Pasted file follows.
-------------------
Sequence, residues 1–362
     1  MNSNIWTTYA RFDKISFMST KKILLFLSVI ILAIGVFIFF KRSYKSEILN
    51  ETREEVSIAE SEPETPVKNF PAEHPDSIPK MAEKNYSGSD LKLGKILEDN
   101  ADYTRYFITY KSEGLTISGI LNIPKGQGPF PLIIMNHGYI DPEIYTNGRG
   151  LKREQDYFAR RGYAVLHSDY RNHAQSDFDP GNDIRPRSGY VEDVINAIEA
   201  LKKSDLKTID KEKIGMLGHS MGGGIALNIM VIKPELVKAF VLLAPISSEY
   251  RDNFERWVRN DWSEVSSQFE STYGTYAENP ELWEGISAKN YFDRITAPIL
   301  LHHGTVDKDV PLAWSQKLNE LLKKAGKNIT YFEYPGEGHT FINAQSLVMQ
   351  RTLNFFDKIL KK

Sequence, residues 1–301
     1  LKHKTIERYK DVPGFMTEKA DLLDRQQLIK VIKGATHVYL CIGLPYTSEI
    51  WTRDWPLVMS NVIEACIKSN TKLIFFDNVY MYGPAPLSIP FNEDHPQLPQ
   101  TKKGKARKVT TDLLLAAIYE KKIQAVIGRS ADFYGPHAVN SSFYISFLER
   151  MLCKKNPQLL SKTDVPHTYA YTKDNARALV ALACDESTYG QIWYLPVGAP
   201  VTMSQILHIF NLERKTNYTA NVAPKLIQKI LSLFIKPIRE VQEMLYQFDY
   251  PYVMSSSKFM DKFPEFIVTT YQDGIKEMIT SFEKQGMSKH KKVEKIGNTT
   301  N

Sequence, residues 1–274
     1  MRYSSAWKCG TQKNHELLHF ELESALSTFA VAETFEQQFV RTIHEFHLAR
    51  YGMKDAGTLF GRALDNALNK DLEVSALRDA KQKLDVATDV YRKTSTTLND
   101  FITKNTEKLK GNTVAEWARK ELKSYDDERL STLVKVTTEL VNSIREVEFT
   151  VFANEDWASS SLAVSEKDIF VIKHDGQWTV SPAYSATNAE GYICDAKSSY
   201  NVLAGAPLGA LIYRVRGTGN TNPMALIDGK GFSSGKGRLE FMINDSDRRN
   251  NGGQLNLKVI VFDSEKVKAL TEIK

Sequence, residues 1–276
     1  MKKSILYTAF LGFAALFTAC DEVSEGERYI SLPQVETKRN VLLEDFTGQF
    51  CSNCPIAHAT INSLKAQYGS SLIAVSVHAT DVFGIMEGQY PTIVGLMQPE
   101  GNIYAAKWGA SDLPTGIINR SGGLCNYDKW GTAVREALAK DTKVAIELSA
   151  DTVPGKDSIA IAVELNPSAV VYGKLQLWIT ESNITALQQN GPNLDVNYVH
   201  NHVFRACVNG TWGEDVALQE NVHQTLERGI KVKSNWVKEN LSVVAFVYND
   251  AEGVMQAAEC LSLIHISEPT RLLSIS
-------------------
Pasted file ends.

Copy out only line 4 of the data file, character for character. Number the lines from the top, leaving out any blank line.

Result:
   101  ADYTRYFITY KSEGLTISGI LNIPKGQGPF PLIIMNHGYI DPEIYTNGRG